Bible Reading Plan (Day 92)


DAY NINETY-TWO — Leviticus 6, Psalms 5-6

Lev 6

In this chapter we catch the tail end of the descriptions for guilt offerings.

We also see that the chapter and verse numbers must not be divinely inspired as for the second day in a row we’ve had a concept cut off in a chapter break. -_-

After describing what must be done with each offering, n0w the Lord describes what to do with anything that is left.

Verses 8-13 describe what to do with the remnants of the burnt offering.  The fire is to be always burning (a symbol of something else perhaps?). The ashes are to be disposed of in a clean place. They are not be just thrown into the dump.

Verses 14-23 are in relation to the grain offerings. Part of the offering is to be given to the Lord, the other part is to be used by Aaron and the priests throughout the generations as food. When a priest makes a grain offering it is to be totally burned and not eaten.

Verses 24-30 explain what to do with the sin offering.

The sin offering is most holy. A contrast to the most unholy act of sinning. Everything about the sin offering is holy down to the need to destroy any clay vessel and scour any bronze one that the meat from the offering was cooked in.

Here is something that strikes me and I think it is worthy of thought. The sin offering which is used to sprinkle blood into the Holy Place is NOT to be eaten. This seems to contradict the Roman Catholic view of transubstantiation. Jesus was a sin offering for us (as well as a guilt offering, paschal offering, etc.) and his blood was used to atone for sins. Being the very thing which the Holy Place stood for, and covered in blood, why would his flesh be eaten? Just a thought…. Please discuss.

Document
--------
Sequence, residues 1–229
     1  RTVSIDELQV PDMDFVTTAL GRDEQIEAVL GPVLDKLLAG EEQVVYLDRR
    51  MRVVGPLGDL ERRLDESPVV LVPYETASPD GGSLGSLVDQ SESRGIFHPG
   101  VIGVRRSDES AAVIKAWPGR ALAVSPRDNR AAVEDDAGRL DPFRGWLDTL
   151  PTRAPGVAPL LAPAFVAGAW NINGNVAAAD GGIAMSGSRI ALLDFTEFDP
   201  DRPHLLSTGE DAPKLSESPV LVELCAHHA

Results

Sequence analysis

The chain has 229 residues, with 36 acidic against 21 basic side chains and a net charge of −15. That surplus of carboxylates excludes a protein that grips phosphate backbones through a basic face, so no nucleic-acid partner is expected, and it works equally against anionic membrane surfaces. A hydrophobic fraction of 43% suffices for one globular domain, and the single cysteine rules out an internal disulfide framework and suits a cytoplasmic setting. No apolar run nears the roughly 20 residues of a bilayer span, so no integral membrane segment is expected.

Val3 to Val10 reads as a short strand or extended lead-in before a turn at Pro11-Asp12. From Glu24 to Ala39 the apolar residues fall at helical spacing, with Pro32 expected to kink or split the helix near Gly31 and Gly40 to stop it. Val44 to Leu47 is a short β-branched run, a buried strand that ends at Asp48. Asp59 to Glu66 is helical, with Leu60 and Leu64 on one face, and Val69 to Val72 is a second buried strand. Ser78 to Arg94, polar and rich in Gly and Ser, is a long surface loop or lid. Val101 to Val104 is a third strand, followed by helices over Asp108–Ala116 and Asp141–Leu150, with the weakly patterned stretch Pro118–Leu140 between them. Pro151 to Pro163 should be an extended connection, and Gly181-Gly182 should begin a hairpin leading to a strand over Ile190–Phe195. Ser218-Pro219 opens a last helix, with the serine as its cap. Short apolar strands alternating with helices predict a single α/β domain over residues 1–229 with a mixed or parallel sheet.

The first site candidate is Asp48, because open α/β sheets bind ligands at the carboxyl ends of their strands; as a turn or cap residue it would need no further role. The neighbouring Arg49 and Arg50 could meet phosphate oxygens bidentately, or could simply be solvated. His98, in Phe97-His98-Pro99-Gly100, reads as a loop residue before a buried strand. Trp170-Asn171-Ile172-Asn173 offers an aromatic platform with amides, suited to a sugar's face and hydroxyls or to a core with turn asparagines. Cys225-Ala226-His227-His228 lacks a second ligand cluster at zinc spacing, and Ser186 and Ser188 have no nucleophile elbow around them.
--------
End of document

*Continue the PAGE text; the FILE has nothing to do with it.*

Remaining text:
Psalms 5-6

In Psalm 5 David cries out for righteousness. David maintains his devotion and love to the Lord, but calls out the Lord in very vivid and biting terms against his enemies, not praying for their repentance, but their destruction.

Verse 6 makes clear how God feels about liars. *gulp*

Psalm 6 is one of the Penitential Psalms. In this one we hear David call out in repentance and faith to God. Note David’s fear of God’s wrath, but his simultaneous pleading for mercy. As the Psalm ends, we see David strengthened by knowing the Lord has heard his plea.


Questions to Ponder:

*As I mentioned above, the sin offering, the eating of, etc.

*At what point do we change from prayers for our enemies to prayers against our enemies? Or do we ever?


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